Men wearing purple shirts were all smiles as they lined up for a photo outside of the Osage Counseling Center in downtown Pawhuska. The photo will be made into a poster for Domestic Violence Awareness Month.
The men had volunteered their time Sept. 9 to pose for the photo, wearing their purple shirts. Purple being the DVAM official color.
“I just want to thank all the participants who came by to support this cause,” said LaVina Clark, domestic violence administrator for the counseling center. "To know that these men support Domestic Violence Awareness Month is heartening."
Each of the real men received a ticket for a door prize in which Everett Waller, liaison to the Osage Minerals Council and cultural adviser in Chief John Red Eagle’s administration, won a $50 gift card. A long-time Hominy resident and Hominy Buck fan, Waller even wore his purple shoes.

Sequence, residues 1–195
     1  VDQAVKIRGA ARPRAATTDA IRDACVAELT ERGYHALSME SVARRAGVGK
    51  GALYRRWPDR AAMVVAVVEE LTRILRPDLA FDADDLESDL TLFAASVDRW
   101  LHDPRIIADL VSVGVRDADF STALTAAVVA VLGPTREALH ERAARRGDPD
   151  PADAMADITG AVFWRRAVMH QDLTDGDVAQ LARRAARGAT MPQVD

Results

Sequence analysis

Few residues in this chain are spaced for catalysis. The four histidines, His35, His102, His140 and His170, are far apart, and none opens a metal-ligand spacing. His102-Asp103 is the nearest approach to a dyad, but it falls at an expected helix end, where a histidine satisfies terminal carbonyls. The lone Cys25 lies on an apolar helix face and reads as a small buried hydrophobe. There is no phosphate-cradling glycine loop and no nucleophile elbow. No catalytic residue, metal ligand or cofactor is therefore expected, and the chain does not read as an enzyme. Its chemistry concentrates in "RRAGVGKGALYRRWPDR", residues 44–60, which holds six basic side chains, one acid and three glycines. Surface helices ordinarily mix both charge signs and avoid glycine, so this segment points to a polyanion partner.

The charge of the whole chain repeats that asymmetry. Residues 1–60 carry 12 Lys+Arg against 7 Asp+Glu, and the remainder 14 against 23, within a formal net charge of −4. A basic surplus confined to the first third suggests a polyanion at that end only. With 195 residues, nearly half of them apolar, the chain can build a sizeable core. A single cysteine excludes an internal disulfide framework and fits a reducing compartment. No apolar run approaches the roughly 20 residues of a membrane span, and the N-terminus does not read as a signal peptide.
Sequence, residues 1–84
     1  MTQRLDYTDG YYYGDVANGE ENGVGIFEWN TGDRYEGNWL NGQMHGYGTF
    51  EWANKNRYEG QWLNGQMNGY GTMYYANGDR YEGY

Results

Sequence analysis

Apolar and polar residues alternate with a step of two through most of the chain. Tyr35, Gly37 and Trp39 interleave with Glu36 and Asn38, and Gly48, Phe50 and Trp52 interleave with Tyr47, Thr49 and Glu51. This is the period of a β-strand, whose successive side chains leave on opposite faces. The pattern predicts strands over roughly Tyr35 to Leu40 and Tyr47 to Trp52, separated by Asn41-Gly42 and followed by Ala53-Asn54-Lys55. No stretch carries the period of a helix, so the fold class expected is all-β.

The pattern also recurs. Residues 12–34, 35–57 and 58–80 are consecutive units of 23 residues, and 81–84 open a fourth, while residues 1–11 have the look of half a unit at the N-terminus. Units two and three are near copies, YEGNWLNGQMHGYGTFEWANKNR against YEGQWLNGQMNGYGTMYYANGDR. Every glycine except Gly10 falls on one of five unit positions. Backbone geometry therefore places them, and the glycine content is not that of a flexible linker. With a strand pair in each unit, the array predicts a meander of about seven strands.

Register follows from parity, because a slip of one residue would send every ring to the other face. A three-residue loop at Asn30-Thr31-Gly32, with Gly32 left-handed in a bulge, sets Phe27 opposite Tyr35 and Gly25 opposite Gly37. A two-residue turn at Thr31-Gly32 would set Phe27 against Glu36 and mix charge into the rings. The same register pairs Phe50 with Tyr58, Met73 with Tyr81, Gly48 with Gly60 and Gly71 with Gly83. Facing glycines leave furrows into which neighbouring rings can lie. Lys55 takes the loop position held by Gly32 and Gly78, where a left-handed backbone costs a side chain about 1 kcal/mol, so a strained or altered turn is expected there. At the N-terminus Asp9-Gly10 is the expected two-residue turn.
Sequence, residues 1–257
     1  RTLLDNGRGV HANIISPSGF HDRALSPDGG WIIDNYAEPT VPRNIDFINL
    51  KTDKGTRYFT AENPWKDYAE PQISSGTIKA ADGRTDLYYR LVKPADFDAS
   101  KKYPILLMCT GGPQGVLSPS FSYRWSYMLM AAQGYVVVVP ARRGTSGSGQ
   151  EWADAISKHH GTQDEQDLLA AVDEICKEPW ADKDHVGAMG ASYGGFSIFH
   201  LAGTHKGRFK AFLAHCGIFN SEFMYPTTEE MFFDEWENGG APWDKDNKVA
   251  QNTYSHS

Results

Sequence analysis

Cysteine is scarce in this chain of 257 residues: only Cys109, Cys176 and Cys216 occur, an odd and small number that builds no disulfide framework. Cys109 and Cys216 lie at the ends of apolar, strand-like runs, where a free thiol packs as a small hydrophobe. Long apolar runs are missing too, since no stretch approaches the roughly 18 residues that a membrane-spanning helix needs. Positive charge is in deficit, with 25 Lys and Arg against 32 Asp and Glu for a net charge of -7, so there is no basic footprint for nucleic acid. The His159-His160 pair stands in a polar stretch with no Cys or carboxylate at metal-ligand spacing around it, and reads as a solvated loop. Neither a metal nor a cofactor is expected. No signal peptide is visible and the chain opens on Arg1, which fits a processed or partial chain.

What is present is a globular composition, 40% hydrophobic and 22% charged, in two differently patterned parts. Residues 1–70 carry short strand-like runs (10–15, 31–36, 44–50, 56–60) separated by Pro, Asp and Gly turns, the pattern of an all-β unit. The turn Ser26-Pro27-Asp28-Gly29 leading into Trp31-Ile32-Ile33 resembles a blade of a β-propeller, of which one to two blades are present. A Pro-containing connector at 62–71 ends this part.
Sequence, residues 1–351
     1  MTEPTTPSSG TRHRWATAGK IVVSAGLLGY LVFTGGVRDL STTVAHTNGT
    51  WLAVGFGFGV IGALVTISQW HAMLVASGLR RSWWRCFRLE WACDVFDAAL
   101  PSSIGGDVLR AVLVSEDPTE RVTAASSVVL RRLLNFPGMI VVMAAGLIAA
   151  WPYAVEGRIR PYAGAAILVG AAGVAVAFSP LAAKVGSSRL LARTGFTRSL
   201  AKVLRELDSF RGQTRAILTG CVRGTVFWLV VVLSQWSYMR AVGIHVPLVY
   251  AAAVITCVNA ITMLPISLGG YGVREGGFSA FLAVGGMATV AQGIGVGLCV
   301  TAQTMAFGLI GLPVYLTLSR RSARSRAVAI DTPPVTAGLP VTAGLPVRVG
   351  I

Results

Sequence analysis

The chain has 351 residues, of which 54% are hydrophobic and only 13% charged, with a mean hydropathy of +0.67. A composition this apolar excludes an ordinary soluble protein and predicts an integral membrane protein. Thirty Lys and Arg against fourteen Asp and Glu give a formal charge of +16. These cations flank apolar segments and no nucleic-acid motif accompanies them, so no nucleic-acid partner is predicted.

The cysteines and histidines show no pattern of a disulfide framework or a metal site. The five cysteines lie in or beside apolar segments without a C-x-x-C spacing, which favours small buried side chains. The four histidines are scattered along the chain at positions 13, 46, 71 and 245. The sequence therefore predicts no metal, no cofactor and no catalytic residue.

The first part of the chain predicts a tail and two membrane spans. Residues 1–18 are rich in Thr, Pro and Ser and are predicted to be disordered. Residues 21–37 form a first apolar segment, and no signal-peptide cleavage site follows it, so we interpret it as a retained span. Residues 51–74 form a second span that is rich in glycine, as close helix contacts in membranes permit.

According to the Domestic Violence Awareness Project Web site, DVAM evolved from the “Day of Unity” in October 1981, conceived by the National Coalition Against Domestic Violence. The intent was to connect advocates across the country who were working to end violence against women and their children. The Day of Unity soon became an entire week devoted to a range of activities conducted at the local, state, and national levels, according to the site.
Activities for the month vary and are diverse. Common themes done by program sponsors include: mourning those who have died because of domestic violence, celebrating those who have survived, and connecting those who work to end violence.
In October 1987, the first Domestic Violence Awareness Month was observed. That same year marks the initiation of the first national domestic violence toll-free hotline. In 1989 the U.S. Congress passed Public Law 101-112 designating October of that year as National Domestic Violence Awareness Month.
Such legislation has passed every year since with NCADV providing key leadership in this effort, according to the site. Each year, the Day of Unity is celebrated the first Monday of Domestic Violence Awareness Month. If you are in danger and need help, call the National Domestic Violence Hotline at (800) 799-SAFE (7233) or TTY (800) 787-3224.
For more information about Osage Nation DVAM activities from the ON Counseling Center, call (918) 287-5425.